When building a Sukka, one should preferably ensure that the Sechach (covering of the Sukka) does not rest directly on metal, or on other materials susceptible to Tum'a (ritual impurity). The Sages enacted this law out of the concern that if people would use materials that are susceptible to Tum'a to support the Sechach, they might then use such materials for the Sechach itself, which would invalidate the Sukka.
This Halacha is very relevant nowadays, when many people construct Sukkot from metal frames. One who builds such a Sukka should not lay the Sechach directly upon the frame. Instead, it is customary to place several wooden beams along the top of the frame and then lay the Sechach upon those beams, such that the metal supports the Sechach only indirectly. This arrangement is referred to in Halacha as "Ma'amid De'ma'amid." Nevertheless, if the Sechach was placed directly upon a metal frame, the Sukka may be used for the Misva during Sukkot.
If a person's Sechach fell on Yom Tov, he may ask a gentile to replace the Sechach to enable him to fulfill the Misva of Sukka. Ideally, he should ask a gentile to ask another gentile to replace the Sechach. If this is not feasible, then he may ask the gentile to replace the Sechach himself, but preferably he should not state the request explicitly.
If one did not, for whatever reason, construct a Sukka before Sukkot, he may build a Sukka during Hol Ha'mo'ed Sukkot. He may also hire a skilled Jewish workman to build the Sukka on his behalf, and he may even pay the workman for his services. Since building the Sukka constitutes a Misva, it is permissible to hire a Jew to perform this service on Hol Ha'mo'ed. Once the Sukka is erected and the person uses it for the first time, he recites the Beracha of "She'heheyanu." Even though he had already eaten in somebody else's Sukka on the first days of Sukkot, he nevertheless recites "She'heheyanu" over the experience of eating in a new Sukka.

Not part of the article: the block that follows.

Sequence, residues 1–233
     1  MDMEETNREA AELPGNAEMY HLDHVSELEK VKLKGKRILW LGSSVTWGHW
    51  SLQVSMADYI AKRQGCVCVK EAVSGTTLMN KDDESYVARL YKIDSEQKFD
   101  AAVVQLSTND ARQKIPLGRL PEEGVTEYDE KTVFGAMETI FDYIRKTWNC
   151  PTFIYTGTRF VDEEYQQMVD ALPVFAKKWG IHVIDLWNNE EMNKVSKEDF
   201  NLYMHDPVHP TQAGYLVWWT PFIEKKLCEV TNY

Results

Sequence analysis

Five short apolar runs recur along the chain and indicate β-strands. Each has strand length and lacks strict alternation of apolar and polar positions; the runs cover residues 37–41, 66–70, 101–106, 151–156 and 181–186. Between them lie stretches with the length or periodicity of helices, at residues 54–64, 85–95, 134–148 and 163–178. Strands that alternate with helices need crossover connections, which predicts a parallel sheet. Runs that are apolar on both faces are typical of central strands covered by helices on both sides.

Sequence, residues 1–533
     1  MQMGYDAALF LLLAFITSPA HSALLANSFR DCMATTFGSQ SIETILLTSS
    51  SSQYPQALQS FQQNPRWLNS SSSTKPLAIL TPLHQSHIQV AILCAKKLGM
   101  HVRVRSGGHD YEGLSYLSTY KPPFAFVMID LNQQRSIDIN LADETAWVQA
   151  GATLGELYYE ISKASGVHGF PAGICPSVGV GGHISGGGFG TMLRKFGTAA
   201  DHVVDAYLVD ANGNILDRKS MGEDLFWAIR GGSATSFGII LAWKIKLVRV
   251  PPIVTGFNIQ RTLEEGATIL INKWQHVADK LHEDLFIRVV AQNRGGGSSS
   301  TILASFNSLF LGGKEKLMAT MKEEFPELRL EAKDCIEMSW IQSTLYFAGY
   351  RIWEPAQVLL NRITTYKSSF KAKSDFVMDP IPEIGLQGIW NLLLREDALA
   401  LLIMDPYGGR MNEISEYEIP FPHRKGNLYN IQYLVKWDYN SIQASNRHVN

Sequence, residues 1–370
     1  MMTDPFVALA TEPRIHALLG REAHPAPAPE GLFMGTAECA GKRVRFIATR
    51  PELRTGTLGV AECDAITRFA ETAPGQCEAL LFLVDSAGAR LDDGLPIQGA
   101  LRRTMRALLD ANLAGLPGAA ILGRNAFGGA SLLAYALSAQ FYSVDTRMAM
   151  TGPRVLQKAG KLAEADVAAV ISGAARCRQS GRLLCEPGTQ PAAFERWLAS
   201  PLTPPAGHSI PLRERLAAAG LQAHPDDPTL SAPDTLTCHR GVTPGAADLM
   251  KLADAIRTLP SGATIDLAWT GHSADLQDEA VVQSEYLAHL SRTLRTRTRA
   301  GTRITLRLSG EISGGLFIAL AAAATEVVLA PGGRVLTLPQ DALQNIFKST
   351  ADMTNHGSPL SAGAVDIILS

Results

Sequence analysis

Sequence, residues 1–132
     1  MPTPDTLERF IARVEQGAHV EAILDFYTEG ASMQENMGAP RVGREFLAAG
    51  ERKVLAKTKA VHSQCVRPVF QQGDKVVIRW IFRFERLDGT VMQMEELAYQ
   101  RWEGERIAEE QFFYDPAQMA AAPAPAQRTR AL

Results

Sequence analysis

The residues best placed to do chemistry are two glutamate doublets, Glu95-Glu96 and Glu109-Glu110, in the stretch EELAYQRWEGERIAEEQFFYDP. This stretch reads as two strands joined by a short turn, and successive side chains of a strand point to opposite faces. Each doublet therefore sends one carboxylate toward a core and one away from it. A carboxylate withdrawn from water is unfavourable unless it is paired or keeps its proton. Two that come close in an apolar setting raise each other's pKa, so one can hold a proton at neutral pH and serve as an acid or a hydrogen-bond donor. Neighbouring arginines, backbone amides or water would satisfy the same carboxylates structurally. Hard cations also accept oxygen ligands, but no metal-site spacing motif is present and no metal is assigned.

(Taken from Hacham Ovadia Yosef's rulings in Hazon Ovadia – Sukkot, p. 54 and onward)
Summary: The Sechach should preferably not be supported by metal directly; if one builds a Sukka with a metal frame, he should lay wooden beams across the frame and place the Sechach upon the metal. Nevertheless, one may use a Sukka if the Sechach was placed directly on metal. If one's Sechach fell on Yom Tov, he may ask a gentile to replace it for him. If one did not build a Sukka before Sukkot, he may build one on Hol Ha'mo'ed or hire somebody – even a Jew – to build it on Hol Ha'mo'ed, and when using it for the first time he recites "She'heheyanu."